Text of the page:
The last decade has given us countless new innovations that have changed our technology-aligned lives tremendously. With the advent of GPS, mobile devices, mobile applications, social media, cloud services and much more, our communication patterns have changed as well.
Businesses face a big challenge in coping with changing economies and technologies. New systems that are designed today may not be enough to cater to the business needs of the very near future. Open source technologies release newer versions frequently, each boasting of significant improvement over its previous version.
It is very important to have a strong systems architecture to survive these changes. The architecture needs to be flexible and scalable to provide future-proof systems.
Service-oriented Architecture (SOA) has emerged to be a very popular architectural pattern to address these issues. The basic premise of SOA is of implementing loosely coupled services.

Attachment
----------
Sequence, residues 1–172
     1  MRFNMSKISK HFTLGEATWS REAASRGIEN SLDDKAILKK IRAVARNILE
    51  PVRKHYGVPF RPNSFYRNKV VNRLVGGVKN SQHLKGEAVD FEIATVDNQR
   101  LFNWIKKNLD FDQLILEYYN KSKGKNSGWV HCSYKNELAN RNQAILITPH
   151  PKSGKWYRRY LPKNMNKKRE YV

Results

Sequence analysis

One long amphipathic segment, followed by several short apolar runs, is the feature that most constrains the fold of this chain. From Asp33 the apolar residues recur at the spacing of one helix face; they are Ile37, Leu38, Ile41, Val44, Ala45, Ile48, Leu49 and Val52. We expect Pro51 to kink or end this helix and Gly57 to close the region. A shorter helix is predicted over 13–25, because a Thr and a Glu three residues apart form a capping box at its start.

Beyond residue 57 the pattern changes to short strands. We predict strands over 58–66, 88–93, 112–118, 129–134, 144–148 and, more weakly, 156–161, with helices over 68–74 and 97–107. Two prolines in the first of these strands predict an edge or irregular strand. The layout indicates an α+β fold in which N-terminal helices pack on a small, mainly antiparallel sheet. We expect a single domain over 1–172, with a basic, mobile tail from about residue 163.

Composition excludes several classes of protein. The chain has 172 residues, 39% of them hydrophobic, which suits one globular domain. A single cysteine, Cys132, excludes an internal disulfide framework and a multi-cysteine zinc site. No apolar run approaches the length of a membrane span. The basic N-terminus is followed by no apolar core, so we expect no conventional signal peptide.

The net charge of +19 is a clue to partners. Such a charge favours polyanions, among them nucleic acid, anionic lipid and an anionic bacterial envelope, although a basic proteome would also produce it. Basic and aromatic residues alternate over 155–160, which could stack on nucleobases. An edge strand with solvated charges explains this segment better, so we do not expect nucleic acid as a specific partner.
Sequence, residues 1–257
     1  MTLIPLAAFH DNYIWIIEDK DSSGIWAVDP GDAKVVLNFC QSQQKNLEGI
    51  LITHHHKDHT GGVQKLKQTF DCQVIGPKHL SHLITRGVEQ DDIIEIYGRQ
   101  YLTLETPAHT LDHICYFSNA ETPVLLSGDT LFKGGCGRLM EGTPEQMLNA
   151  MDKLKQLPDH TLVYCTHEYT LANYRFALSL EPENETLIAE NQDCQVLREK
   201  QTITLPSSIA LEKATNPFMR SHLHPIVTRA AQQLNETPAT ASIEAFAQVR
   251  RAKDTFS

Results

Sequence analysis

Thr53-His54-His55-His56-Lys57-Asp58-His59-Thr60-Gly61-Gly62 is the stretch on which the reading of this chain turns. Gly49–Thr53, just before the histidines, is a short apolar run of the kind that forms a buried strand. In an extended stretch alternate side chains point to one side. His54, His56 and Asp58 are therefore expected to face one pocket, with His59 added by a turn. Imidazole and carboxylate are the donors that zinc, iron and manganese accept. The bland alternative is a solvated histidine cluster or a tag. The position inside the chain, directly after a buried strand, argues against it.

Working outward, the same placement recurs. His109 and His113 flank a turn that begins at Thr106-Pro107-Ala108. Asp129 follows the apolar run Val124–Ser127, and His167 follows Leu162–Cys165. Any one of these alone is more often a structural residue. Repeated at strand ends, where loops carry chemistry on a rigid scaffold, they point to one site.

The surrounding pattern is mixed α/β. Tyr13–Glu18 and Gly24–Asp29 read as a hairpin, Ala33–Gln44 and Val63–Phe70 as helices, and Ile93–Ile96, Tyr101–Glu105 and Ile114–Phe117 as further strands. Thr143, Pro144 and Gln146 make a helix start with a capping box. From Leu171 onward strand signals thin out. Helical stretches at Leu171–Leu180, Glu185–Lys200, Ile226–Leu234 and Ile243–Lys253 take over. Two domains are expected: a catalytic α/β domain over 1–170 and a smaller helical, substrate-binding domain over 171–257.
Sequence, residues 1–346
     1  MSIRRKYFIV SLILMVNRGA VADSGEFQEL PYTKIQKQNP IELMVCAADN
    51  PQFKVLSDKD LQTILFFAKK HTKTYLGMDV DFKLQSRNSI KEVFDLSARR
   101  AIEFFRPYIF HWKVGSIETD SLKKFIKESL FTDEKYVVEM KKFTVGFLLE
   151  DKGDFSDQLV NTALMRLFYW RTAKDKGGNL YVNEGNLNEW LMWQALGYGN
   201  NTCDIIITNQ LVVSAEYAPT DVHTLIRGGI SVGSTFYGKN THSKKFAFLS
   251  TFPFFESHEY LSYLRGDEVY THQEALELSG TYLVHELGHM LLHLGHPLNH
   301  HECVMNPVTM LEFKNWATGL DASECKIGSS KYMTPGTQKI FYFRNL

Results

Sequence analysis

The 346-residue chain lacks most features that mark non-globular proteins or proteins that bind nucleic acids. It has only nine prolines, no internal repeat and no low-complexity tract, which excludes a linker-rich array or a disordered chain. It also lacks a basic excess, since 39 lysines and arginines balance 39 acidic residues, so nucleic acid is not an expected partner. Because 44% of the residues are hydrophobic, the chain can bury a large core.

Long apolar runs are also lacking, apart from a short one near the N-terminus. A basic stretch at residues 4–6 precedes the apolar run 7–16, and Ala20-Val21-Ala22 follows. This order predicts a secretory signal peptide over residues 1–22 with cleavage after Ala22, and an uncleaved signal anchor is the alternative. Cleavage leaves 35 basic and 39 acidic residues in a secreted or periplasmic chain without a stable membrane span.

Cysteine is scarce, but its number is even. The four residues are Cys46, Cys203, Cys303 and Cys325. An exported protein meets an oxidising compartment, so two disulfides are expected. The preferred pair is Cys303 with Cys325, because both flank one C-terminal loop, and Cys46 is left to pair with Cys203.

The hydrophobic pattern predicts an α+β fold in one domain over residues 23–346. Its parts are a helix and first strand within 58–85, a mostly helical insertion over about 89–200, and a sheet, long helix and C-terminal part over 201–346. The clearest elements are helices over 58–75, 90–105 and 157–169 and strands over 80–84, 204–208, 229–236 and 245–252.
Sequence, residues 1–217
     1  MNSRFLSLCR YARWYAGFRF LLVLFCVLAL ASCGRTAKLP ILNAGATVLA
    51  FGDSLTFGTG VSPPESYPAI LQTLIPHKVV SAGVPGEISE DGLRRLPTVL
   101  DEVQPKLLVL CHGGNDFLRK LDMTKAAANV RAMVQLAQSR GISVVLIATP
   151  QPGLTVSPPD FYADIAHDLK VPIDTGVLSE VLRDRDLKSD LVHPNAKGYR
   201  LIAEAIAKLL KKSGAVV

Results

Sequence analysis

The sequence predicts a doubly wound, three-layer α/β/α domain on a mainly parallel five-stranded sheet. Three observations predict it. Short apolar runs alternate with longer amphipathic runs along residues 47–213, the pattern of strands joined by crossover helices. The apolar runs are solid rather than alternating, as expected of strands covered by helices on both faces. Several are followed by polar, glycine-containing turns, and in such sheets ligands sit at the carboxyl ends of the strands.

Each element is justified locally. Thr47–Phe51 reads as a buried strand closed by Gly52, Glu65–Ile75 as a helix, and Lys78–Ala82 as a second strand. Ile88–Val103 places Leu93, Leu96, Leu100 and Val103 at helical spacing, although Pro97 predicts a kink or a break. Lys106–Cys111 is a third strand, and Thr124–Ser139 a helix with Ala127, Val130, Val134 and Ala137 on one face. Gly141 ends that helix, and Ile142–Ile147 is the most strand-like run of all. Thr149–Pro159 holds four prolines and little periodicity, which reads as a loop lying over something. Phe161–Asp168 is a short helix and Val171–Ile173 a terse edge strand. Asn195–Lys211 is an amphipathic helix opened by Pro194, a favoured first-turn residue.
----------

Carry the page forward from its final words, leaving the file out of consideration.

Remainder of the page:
Every single service is designed to perform one or a collection of related service operations. It includes a re-usable piece of code that could be used throughout an application to perform different business operations, even by grouping it with other services.
Adopting SOA helps in delivering highly scalable solutions. Incorporating changing business needs is fairly easy with its plug-in architectural pattern. SOA speeds up custom application development with improved data integration.
From a business perspective, SOA offers more effective integration with business partners. It helps to reuse existing assets, thereby reducing time to market. SOA also provides a platform to align business with IT.
Whether you are architecting a new solution or re-designing existing ones, there are certain guidelines for adopting SOA
SOA solution vendors mostly offer a range of services, like Service enablement and Service migration, based on Service-oriented Architecture. Vendors like eInfochips provide SOA-based solutions for cloud enablement, REST API provisioning, data migration and integrating with legacy systems to name a few.